Danielle Wright visits independent children's booksellers before the New Zealand Post Children's Book Awards' Festival, starting on Monday.
If a book is worth reading, it's worth owning. There's a certain pleasure you get from looking at a book on your shelf that you've enjoyed, especially one you've had since you were a child, possibly to pass on to your own children or grandchildren.
And although libraries are magical places in which to create a love of reading, children thrive in the ownership of books and cherish the shops that sell them.
As Jabberwocky's Sean Kelly says: "A children's bookshop is up there with a toy shop or sweet shop in a child's mind - everything else is just about being dragged around from shop to shop by parents: a children's bookshop is exciting."
Here are some of our best independent children's bookshops to support during the NZ Post Children's Book Awards and Festival, from May 7-15:
Jabberwocky Children's Bookshop
598 Remuera Rd, Remuera. Ph 09 524 4781
As I enter Jabberwocky, a monkey holding a banana chatters the hour from a cuckoo clock behind the counter and I take a seat next to a fireplace covered in silver tinsel with Ug, Raymond Briggs' "boy genius of the stone age", peeking out from it like Santa Claus.
Upstairs is a room as big as the one below but for children who can read independently. Here there's a comfortable sofa lined up against the window and a room devoted to puzzles and games.
And even though it's in Remuera, it's not the slightest bit uptight. "If you want children to love books then they have to touch them. If something gets damaged, that's part of it," says Kelly, endearingly kid-focused in his approach.
Next Page, Please!
Shop 1, 347 Lake Rd, Takapuna. Ph 09 486 2453
Maria Elston from Next Page Please! has created a bookshop where staff always have just the right book and treat children as Very Important People.
The shop is set out so all the book jackets are displayed, even on the older fiction, and a comfortable sofa beckons at the back of the store. One customer is knitting a jumper for Huey, a character in Oliver Jeffers' new book The Hueys in the New Sweater.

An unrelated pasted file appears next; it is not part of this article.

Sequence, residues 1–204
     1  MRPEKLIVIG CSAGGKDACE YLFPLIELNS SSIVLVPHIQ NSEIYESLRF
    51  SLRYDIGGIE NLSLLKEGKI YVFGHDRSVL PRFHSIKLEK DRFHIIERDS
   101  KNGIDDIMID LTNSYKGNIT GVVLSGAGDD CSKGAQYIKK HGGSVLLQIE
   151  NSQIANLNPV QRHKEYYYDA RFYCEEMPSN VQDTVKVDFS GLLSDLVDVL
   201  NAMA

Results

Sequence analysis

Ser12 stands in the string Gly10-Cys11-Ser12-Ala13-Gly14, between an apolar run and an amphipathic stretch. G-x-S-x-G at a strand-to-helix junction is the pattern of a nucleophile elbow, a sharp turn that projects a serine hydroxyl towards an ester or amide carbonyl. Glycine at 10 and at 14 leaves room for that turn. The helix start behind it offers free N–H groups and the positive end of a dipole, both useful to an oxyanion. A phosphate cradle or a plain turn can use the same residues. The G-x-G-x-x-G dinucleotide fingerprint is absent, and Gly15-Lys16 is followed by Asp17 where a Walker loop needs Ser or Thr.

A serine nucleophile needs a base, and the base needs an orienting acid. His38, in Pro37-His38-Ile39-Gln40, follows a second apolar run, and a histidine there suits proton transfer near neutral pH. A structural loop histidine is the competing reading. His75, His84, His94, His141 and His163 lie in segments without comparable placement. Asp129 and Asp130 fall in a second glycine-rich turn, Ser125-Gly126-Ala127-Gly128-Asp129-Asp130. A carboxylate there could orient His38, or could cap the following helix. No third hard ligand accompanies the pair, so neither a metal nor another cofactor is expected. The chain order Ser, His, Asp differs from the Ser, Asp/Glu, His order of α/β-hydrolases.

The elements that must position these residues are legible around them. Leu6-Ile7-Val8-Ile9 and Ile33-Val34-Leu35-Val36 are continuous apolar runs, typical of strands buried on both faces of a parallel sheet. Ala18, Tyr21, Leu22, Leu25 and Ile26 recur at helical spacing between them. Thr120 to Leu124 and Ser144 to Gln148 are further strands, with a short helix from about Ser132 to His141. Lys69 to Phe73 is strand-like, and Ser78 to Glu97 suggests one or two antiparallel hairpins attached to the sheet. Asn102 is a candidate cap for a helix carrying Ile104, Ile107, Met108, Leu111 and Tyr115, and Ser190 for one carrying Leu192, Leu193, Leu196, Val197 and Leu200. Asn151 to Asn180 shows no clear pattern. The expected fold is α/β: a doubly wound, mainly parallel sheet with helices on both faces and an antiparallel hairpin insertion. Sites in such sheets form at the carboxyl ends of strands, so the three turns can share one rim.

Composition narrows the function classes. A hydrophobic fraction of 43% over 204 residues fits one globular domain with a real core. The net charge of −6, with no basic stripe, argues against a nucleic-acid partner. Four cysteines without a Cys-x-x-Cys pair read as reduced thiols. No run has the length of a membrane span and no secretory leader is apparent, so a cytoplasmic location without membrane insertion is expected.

"Oliver Jeffers is a big attraction at the NZ Post Children's Book Award Festival," explains Elston, who is passionate about children's books because: "They light up a child's imagination and create a world of amazement for anyone lucky enough to be invited in."
The Dorothy Butler Children's
Bookshop1 Jervois Rd, Ponsonby. Ph 09 376 7283.
This much-loved Ponsonby children's bookshop is named after Dorothy Butler, a teacher and reading specialist, bookseller and children's author. Built on split levels, it boasts a gated play area for the very young, a Thomas the Tank Engine play table and a huge selection of books and toys, including costumes. Office manager Mary Sangster is excited about the upcoming awards. "The Montanas used to be the literary awards with the glitzy awards show, but now, the children's book awards are up there with as much excitement and glamour," she says. Her award favourites include Stomp! by Ruth Paul in the picture book category and The Bridge by Jane Higgins in Young Adult Fiction category.
INDEPENDENT BOOKSTORES WITH GOOD CHILDREN'S SECTIONS:
Good independent bookstores for adults should all have dedicated children's areas - some have signs with strictly no touching policies and others encourage little hands to explore. Here are a few with separate rooms for children's books:
432 Mt Eden Rd, Mt Eden Village. Ph 09 630 3331.